October 10, 2008 concluded the worst week in the history of the Dow Jones Industrial Average. Four years later, is a similar market crash looming?
It’s not an unreasonable question.
Global financial headwinds remain. European sovereign debt has only worsened. Greece, Ireland and Portugal have required bailouts in the last two years. Italy and Spain have been teetering on the brink of requesting their own.
Domestically, growth is slow. Unemployment is higher than it was four years ago. Our own national debt continues to climb, exceeding $16 trillion at last check. Now there’s this thing called a “fiscal cliff” – which, if imposed, could send investors into an all-out panic.
That’s the bad news. The good news is that the U.S. economy – while slow moving – is nonetheless growing. Our gross domestic product has grown each of the last 13 quarters. In the fourth quarter of 2008, U.S. GDP dipped to -8.9% – a 50-year low.
Banks have stabilized somewhat, distributing less bad loans than they did during the subprime mortgage lending crisis. The housing market is finally showing signs of a recovery. And many stocks are flourishing, with all three major U.S. indices reaching four-year highs over the summer.
But have stocks risen too high? Sure, we’re better off now than we were four years ago. But it’s not as if the data is positive enough to rationalize the kinds of gains we’ve seen this year.
All three indices are up more than 9% in 2012. The benchmark S&P 500 has gained close to 14%. The Dow has returned 9.5%. And the Nasdaq has climbed a whopping 17% year-to-date, and is hovering around its highest level since 2000.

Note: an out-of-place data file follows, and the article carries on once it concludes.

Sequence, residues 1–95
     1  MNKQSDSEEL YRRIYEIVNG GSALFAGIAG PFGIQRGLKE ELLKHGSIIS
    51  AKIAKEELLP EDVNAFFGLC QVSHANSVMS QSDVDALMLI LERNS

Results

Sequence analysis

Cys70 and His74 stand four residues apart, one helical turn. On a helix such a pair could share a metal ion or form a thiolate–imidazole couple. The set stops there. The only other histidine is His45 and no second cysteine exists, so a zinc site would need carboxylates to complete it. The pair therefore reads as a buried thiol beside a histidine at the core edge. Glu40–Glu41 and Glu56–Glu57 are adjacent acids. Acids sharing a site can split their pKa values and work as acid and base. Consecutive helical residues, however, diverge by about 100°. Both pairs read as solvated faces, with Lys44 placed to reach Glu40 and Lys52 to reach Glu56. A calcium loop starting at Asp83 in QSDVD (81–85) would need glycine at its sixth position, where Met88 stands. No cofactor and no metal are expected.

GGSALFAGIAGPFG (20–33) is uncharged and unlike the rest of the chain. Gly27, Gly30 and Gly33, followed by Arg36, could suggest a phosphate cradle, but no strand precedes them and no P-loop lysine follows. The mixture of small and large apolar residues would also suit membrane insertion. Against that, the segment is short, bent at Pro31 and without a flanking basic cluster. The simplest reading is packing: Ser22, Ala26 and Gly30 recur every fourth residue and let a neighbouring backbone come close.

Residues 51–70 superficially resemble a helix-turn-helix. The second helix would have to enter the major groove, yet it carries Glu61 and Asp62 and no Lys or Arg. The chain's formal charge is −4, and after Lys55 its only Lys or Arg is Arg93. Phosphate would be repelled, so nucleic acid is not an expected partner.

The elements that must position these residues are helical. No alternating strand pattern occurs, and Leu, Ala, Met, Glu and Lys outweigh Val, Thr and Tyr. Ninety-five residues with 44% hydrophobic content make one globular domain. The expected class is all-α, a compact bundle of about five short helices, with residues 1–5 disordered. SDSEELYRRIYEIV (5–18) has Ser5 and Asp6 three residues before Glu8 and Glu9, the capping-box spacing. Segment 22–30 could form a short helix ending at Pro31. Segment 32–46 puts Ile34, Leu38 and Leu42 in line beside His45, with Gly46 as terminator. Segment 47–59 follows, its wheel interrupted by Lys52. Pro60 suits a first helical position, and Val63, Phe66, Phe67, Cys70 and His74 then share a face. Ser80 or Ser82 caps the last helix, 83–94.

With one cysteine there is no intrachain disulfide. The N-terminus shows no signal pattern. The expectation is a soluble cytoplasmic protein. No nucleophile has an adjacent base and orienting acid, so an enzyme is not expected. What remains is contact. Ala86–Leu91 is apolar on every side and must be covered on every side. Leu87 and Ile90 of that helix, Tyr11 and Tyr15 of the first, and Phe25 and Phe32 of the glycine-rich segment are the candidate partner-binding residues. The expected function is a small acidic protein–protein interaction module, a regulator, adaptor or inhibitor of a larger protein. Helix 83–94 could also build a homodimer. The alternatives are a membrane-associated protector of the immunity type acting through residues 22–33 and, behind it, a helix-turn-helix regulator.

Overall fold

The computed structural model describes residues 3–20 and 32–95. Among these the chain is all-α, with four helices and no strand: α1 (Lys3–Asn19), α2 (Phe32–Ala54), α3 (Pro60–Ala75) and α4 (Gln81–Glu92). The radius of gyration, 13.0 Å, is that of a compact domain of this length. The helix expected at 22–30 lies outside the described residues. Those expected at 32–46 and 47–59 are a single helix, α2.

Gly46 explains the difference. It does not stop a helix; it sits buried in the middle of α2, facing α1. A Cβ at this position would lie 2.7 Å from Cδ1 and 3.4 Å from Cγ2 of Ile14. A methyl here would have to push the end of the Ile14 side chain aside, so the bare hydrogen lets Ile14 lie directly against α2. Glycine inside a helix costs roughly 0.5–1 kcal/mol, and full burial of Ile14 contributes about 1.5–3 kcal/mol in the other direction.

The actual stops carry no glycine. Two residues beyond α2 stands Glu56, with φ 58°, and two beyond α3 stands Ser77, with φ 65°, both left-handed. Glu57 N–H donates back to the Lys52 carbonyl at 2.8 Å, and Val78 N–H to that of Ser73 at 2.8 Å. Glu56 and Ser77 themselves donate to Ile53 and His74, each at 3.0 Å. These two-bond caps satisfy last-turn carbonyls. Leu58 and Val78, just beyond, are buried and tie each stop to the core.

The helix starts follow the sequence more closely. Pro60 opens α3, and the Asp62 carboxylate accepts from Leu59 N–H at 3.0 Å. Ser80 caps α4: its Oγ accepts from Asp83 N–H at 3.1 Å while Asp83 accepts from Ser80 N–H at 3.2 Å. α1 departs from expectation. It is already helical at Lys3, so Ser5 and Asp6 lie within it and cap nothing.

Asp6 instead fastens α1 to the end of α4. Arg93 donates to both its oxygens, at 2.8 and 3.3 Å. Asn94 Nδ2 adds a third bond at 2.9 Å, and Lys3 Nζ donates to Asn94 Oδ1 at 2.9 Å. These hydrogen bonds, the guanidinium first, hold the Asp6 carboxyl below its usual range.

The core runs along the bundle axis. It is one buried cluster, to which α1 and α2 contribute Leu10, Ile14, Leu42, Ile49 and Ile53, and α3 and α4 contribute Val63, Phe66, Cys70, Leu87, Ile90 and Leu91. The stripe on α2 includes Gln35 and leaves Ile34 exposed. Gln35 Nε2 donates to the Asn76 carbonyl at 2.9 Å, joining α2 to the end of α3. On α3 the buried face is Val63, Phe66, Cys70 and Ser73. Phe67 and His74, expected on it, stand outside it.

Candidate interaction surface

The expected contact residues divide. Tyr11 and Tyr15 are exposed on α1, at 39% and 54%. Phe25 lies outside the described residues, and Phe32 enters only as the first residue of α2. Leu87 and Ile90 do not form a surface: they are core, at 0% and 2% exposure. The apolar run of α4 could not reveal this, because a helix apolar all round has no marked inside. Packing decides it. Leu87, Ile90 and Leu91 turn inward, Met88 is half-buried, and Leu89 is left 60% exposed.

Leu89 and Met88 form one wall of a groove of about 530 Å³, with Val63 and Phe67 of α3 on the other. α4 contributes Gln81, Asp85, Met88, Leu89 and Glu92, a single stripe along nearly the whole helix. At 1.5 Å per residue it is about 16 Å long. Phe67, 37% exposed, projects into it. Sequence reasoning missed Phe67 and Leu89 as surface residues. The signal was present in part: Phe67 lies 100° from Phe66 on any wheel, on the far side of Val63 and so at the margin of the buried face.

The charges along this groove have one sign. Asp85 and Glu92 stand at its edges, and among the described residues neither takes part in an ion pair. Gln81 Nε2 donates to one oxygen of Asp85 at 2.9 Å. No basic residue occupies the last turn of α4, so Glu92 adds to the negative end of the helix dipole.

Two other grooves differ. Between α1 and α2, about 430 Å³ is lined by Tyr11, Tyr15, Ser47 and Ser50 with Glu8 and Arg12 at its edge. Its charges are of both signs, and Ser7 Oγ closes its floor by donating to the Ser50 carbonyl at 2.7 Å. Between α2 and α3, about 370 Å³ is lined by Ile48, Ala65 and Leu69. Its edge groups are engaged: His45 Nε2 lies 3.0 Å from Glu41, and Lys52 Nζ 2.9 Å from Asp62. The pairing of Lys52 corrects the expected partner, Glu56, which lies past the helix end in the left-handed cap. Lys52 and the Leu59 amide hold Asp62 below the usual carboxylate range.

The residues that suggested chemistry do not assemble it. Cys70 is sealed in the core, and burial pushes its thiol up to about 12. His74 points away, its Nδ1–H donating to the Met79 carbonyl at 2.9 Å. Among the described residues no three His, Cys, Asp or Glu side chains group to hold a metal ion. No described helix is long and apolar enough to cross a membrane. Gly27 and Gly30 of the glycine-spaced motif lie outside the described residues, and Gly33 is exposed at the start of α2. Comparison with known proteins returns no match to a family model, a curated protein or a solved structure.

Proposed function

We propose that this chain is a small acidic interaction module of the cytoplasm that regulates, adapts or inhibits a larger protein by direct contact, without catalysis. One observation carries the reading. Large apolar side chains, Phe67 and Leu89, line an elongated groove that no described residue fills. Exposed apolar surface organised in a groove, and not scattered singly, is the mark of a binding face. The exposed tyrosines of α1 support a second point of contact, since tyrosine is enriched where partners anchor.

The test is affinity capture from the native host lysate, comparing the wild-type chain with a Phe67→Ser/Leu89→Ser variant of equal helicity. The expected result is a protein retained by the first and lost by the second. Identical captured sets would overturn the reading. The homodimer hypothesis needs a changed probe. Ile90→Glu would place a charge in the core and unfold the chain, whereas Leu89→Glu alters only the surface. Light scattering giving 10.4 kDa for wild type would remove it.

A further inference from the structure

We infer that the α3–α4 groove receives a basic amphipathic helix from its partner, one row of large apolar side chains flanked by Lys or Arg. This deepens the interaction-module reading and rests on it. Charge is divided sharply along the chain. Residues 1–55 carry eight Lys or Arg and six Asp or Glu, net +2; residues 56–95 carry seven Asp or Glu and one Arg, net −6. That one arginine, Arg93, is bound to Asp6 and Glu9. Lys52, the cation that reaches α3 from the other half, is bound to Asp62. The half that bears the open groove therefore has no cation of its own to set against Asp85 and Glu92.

Stocks weren’t nearly this overbought when the market crashed in the fall of 2008.
Let’s compare each index before it crashed in September/October 2008 to where it is now:
Fall 2008 Currently
Dow 10,325.38 13,582.16
Nasdaq 2,273.90 3,112.42
S&P 500 1,255 1,455
Beginning in mid-September of 2008, all three indices plummeted to levels not seen since the late 1990s. In a matter of five and a half months, the S&P declined 45.5%, the Nasdaq collapsed 43% and the Dow dropped 42% – highlighted by the record 18% drop-off the week of October 10.
It was the worst stock market crash since the Great Depression.
Is a similar market crash possible just four years later? If the fiscal cliff becomes a reality, will it push America into a double-dip recession like some analysts are predicting? Will the debt issues plaguing the euro zone eventually make their way to the U.S.?
No one truly knows the answer to these questions. However, the mere presence of all these unknowns is enough to create some serious doubt in investors’ minds.
As I wrote last week, we won’t know the fate of President Obama’s Budget Control Act – the alleged fiscal cliff-creating law scheduled to take effect at midnight on December 31 – until after the election. Nor do we know what’s going to happen next in Europe – and what impact its deep-rooted sovereign debt problems may have on U.S. markets down the road.
What we do know is this: Stocks are overbought, unemployment is still high despite dipping below 8% for the first time in 44 months, and economic growth is so slow that the Federal Reserve just enacted a third round of quantitative easing.
That may not add up to another market crash. But it is reason to take caution in your investing – at least until after the election.